double compartment 'a' is used throughout.
sometimes the head of upper case 'A' forms a complete loop.
sometimes the head is left open. The lower lobe has a pointed extension at the left side.
'd' is usually looped and rounded in aspect.
occasionally the lower lobe is pointed at the left side.
'd' in final position sometimes has a short extension.
the upper loop is sometimes elongated.
the scribe uses various forms of double compartment 'g'. Here the lower lobe is larger than the upper lobe and has a flattened appearance.
a spikier version of 'g' with squarish upper lobe.
sometimes the flattened lower lobe is left unresloved.
Usage: Gyn seyd
upper case 'G'.
'h' is presented with wide loop at the head and a limb which is straight, as here, or at a slight angle as in the following examples.
'c' usually has a small extension above the head stroke of the graph which continues horizontally to form a ligature with 'h'.
a messy combination as all three letters are joined.
the upper case letter is exactly the same as the lower case one.
long 'r' is used in all positions throughout.
long 'r' joins a round-bodied graph at the lower end of the 'o' so the fork of 'r' is level with the bottom of the following letter.
'r' in final position has a flick upwards.
one of the few 'z'-shaped 'r's on this folio. It is also used after 'o'.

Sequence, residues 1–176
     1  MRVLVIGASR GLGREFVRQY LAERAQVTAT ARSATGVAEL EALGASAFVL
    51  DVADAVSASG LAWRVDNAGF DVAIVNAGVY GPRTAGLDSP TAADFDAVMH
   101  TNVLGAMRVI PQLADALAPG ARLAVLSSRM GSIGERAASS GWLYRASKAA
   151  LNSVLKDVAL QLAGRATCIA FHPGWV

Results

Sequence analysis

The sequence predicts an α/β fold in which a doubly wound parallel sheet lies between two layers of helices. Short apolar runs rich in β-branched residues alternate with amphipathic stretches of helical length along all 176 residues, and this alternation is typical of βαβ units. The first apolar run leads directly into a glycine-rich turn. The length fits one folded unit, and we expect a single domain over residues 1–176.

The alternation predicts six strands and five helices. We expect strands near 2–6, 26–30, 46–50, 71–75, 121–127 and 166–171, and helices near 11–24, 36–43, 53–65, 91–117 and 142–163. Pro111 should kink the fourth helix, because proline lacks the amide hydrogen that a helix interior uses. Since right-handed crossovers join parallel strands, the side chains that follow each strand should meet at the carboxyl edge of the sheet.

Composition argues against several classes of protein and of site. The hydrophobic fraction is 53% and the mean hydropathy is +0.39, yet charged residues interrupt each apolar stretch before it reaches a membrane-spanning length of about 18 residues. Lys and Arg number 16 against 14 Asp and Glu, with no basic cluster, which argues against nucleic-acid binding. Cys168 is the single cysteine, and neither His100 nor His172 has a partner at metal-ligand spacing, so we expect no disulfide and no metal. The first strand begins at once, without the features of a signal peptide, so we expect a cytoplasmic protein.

sigma 's' is always used in final position. It is also used very occasionally in initial position.
long 's' is used in initial and medial positions. The shaft is thick and often blunt-ended. However, some long 's's do taper to a finer stroke.
when 's' comes at the end of a line the scribe takes licence and extends the head way out into the right margin.
the scribe's 'w's are consistently formed in two variations. Here the left arm links to the middle stroke at the lower end of the graph. The 'B' -shaped element to the right of the graph is always present.
no approach stroke to the left arm of the graph because the 'w' occurs in the middle of a word.
in this example, the left arm links with the centre stroke at the top of the graph. There is a gap between the two at the bottom.
an upper case example with completely separate left limb.
this scribe's 'y' is a very important letter in his repertoire since it helps to define the aspect of the folio. The horizontal impetus of the extended tail of 'y' (as well as other letters such as the extension on final 's'), may be an important identifier of the scribal hand.
here the tail of 'y' extends beneath the following two graphs.
Usage: wey hath
in this example, the tail of 'y' extends beneath three letters of the following word.
Usage: matyr and
again the exaggerated extension of the tail takes in the space between words and continues below the first two letters of 'and'.
|Upper Case Letters|
Usage: Re pele
|Tags and Macrons|
final 'g' is sometimes tagged.
final 't' is sometimes tagged.
Usage: a noon
difficult to see what this extended macron is for.
the horizontal line extends half way to the edge of the folio.